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New Thai restaurant pours on the charm

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Panang curry prominently features the flavor of kaffir lime leaves at Phoenix’s Charm Thai Kitchen [Sarah Lemon/Mail Tribune]
Green papaya salad is dressed with lime juice, chiles, palm sugar and fish sauce at Charm Thai Kitchen in Phoenix. [Sarah Lemon/Mail Tribune]
“Hoy jor” is a deep-fried dish that combines meat, seafood and tofu at Charm Thai Kitchen in Phoenix. [Sarah Lemon/Mail Tribune]
Rice vermicelli are simmered as “boat noodles” at Charm Thai Kitchen in Phoenix. [Sarah Lemon/Mail Tribune]
“Boat noodles” come with a choice of pork, pictured, or beef at Charm Thai Kitchen in Phoenix. [Sarah Lemon/Mail Tribune]

Diners expecting Southern Oregon’s standard Thai fare will find themselves utterly charmed by one of Phoenix’s newest restaurants.

Charm Thai Kitchen enjoys a steady following less than six months after opening at The Shoppes at Exit 24. Charm’s co-owners, who spent years in Los Angeles, conjure a sensibility of bigger cities with their clean, modern decor. Bold, compelling flavors distinguish their recipes from others in the region.

Charm’s reputation for authenticity comes through in an October episode of the PBS series “All Across Oregon,” hosted by Vinny DiCostanzo. The show may have played a role in Charm’s packed dining room the weekday my partner and I visited. But to be fair, I fielded an enthusiastic reader’s recommendation prior to the episode airing. Thanks, Barbara!

So while this column has taken a more frequent look than usual at Southeast Asian cuisines this fall, I’m almost always game for more garlic, ginger and chiles, particularly during cold and flu season. Alongside those more common spices, star anise and kaffir lime leaves — spiked with fish sauce and citrus juice — tantalized our taste buds from the first bite.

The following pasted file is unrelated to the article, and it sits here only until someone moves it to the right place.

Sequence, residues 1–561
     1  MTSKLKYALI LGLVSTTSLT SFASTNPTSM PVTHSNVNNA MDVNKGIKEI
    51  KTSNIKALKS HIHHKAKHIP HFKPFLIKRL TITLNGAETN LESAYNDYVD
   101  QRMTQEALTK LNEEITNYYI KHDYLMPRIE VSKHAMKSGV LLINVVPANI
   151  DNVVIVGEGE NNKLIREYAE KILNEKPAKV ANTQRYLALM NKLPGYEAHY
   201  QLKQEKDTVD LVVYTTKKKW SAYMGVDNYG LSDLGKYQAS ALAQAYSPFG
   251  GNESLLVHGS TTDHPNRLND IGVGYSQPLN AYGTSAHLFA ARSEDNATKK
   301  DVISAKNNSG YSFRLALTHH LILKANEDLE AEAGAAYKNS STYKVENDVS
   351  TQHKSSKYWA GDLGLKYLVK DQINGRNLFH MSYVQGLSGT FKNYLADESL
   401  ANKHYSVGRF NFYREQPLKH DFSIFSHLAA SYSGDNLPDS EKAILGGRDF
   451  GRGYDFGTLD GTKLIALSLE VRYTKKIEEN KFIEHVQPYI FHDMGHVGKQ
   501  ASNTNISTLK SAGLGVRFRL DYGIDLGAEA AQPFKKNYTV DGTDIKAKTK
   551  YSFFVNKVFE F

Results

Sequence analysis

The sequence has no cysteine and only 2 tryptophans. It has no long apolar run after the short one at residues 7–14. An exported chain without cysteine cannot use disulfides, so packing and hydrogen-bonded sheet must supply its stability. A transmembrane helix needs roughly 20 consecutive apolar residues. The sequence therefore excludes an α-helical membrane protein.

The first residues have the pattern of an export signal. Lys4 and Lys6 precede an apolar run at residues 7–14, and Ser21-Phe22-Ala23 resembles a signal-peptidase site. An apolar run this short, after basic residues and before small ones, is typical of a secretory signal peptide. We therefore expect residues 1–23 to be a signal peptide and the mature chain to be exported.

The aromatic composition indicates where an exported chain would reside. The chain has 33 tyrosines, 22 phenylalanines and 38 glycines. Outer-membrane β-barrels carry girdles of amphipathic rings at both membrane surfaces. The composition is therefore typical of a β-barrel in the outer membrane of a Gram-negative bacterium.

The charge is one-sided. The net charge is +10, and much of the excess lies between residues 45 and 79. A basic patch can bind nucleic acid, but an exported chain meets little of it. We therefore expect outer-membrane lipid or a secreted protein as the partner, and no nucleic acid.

To complement curries, pad Thai and stir-fries, Charm serves a few dishes that are harder to come by locally and at least one I’d never seen before. “Som tam Thai” — green papaya salad ($13) — is a favorite, which Charm offers regularly instead of seasonally or as a special. And “hoy jor” ($12) tempted me with its description of two types of meat and seafood mixed in house, wrapped in bean curd and deep-fried.

House-made wontons in soup caught my eye. But so did pork “cracklings” larding Charm’s “boat noodles” — rice vermicelli in house-made broth with Chinese broccoli and cilantro. Both were priced at $15, but the advantage went to the boat noodles, listed under the menu’s heading of “Charm specialties.”

Also under specialties, Thai omelet ($15) with either pork or shrimp is another lesser-seen dish locally. The breaded and deep-fried swai fish with sweet, tangy apple sauce is an intriguing item and also the most expensive at $20.

Reliably drawn to curry, my partner chose panang ($15) from the list that also included green, yellow and massaman. All entrees come with a side of steamed rice and choice of beef, pork, chicken or tofu. Add $3 for fish or shrimp, $6 for both.